521. Another class of rubble concrete differing from the above more in degree than in kind, is formed by placing large stones in the work, and filling the joints between them with a rather wet concrete in which spalls may be rammed if desired. The difficulty of obtaining a compact wall by this method is perhaps a little greater than when smaller stone are used, but in either case if really water-tight work is desired, the inspection must be thorough.
The saving in Cost by the use of rubble concrete depends upon the local conditions, but under ordinary circumstances when broken stone is employed, the Cost of crushing the stone and the cost of cement, for a volume of concrete equal to the volume of the stone imbedded, are practically saved.
In the construction of large masses of concrete in place, joints cannot be avoided; that is, it is not possible to make the entire mass monolithic, as force enough could not be employed to carry up the entire structure at once. Even if this were possible, it would not be desirable, since the changes in length of the wall due to changes in temperature would probably result in cracks which would be irregular in outline and mar the appearance of the wall, if they had no more serious effect.
When the concrete is subjected to vertical forces only, as in foundations for buildings, horizontal joints are less objectionable than vertical joints. But in the construction of concrete lock walls, dams, and breakwaters, vertical joints are desirable to confine the cracks to predetermined planes. In the building of such structures, therefore, the method has been adopted of dividing the work into sections of such horizontal dimensions as may be thought best, and completing each section as a monolith. This will sometimes require the continuous prosecution of work for twenty-four or forty-eight hours. Whether this method, involving work at night, which is always more expensive and usually less thorough, is justified by the end sought, depends upon the character of the structure.
523. If this method is not adopted, and a horizontal plane of weakness is a serious defect, special means should be provided for avoiding this plane of weakness. Such provision may be made by iron dowels set in the concrete at the end of the days work and projecting above the surface to be covered by the concrete placed the next day; steps or hollows, or grooves parallel to the length of the wall, may be left to be filled by the next layer. Large stones weighing a hundred pounds or more are frequently imbedded one half their depth in the last layer of a days work to form a bond with the following layer.
In any case special care should be taken to thoroughly wash and clean the surface of hardened concrete before continuing the work, using preferably wire brooms for this purpose and removing any stones at the surface that appear to be loose. A thin layer of rich cement mortar should then be laid upon it, into which the first layer of fresh concrete is well rammed.
If the appearance of the finished face is of importance, special care must also be exercised in joining at this point. Before leaving a layer which is to be allowed to harden before continuing the work, the line limiting the height of the concrete at the face should be made perfectly horizontal, for a slight crack, or at least a noticeable line, may be expected at this point, and if not straight it will be the more unsightly.
524. If for any reason a layer of concrete cannot be carried over the whole area of the wall or foundation, it should never be allowed to taper off to a wedge, but a plank equal in width to the thickness of the layer should be set on edge, firmly secured, and the concrete tamped against it. In the construction of arches, culverts and sewers, such stop planks may well be set normal to the surface of the intrados instead of vertical. In case more than one layer is left incomplete, they should be stepped back, making an offset for each layer of at least one or two feet. The concrete should never be built up on a smooth batter if new concrete is to be joined to it later.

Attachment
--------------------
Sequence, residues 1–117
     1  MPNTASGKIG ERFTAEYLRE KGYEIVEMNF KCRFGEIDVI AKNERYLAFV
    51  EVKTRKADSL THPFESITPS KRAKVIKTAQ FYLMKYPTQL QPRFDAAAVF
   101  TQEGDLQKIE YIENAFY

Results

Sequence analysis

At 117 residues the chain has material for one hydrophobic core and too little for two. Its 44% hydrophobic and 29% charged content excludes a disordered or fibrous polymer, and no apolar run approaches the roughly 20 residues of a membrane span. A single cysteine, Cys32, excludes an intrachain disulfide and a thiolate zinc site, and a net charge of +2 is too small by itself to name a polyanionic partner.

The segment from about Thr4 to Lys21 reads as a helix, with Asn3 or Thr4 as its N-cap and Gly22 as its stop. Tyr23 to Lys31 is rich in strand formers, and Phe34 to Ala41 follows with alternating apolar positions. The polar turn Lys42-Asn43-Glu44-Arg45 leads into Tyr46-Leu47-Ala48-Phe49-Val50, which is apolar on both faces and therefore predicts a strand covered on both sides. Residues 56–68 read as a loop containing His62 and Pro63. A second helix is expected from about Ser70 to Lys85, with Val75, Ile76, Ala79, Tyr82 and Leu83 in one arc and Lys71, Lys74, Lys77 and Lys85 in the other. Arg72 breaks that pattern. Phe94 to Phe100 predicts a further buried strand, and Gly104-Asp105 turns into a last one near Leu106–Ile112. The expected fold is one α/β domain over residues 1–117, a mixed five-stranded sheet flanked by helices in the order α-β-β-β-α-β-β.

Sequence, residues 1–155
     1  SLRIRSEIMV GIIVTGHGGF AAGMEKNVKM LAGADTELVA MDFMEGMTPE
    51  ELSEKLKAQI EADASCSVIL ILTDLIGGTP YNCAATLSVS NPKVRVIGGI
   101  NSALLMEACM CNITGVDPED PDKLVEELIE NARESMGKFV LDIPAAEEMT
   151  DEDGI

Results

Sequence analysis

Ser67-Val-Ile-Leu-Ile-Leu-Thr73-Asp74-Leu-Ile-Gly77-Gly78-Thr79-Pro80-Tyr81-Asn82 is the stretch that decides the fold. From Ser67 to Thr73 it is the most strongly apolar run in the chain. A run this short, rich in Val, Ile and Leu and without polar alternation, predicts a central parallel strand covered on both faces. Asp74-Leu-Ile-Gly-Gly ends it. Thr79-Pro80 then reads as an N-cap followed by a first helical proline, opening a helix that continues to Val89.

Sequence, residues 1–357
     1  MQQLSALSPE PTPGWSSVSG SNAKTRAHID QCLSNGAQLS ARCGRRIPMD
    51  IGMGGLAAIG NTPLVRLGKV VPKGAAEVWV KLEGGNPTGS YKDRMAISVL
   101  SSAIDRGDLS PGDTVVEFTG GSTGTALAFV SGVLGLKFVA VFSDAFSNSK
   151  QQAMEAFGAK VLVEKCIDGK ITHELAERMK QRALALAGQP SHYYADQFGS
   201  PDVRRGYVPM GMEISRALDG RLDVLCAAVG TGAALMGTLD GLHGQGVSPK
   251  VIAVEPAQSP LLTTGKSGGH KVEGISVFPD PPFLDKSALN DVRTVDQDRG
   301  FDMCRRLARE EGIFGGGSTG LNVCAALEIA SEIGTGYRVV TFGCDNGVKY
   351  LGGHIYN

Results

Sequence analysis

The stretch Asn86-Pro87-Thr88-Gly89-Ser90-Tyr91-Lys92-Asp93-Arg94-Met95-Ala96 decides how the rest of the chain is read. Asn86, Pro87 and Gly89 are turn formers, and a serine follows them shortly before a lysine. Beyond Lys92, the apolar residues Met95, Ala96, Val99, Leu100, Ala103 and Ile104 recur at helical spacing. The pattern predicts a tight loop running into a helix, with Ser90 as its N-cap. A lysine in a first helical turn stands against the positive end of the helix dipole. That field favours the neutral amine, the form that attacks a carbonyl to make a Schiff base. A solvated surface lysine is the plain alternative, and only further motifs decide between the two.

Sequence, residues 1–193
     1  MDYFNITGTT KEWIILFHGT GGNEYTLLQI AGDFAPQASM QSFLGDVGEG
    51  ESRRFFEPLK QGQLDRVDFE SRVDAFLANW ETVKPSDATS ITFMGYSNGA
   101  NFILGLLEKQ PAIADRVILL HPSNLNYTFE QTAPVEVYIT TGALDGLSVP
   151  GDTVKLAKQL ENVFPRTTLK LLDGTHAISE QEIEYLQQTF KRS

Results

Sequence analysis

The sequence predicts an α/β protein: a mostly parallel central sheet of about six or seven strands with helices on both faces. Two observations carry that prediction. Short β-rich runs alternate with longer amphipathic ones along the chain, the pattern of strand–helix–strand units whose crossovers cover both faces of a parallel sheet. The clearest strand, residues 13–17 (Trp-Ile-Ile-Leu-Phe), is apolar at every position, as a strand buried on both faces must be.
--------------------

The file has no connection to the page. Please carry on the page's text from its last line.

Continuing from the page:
All concrete should be kept moist from the time it is in the wall until it has become well hardened. Surfaces exposed to the air should therefore be sprinkled frequently for at least several days after placing. An excellent practice is to cover the surface with burlaps which may be kept saturated, as this not only furnishes the necessary moisture, but protects the work from the direct rays of the sun. The interior of a large mass will probably take care of itself in this regard, but the precaution has sometimes been taken of leaving vertical holes or wells in the mass, which are kept filled with water for some weeks and are then filled with concrete.
Some of the precautions that must be taken to secure a good finish to the face of concrete work have already been mentioned in considering the forms and the methods of deposition. These are usually supplemented, however, by certain special means when the appearance is of much importance.
We must say first, that the application of a plaster of cement mortar to a finished and set concrete face will almost never be permanent. It is seldom that it will adhere with sufficient strength to prevent scaling due to differences in expansion of the materials of different composition and age. If plaster must be used on the face of a wall, it should be applied before the concrete has set, but it is safer to avoid plastering. It is of course advisable to fill with rich mortar any voids that may appear in the face of the work, but such places should be few.
If the molds are removed while the concrete is still moist, the face may be coated with a thin grout and then immediately scraped off with the edge of a trowel. This results in filling the small voids in the face of the work, but does not leave a coat of plaster on the surface to scale off.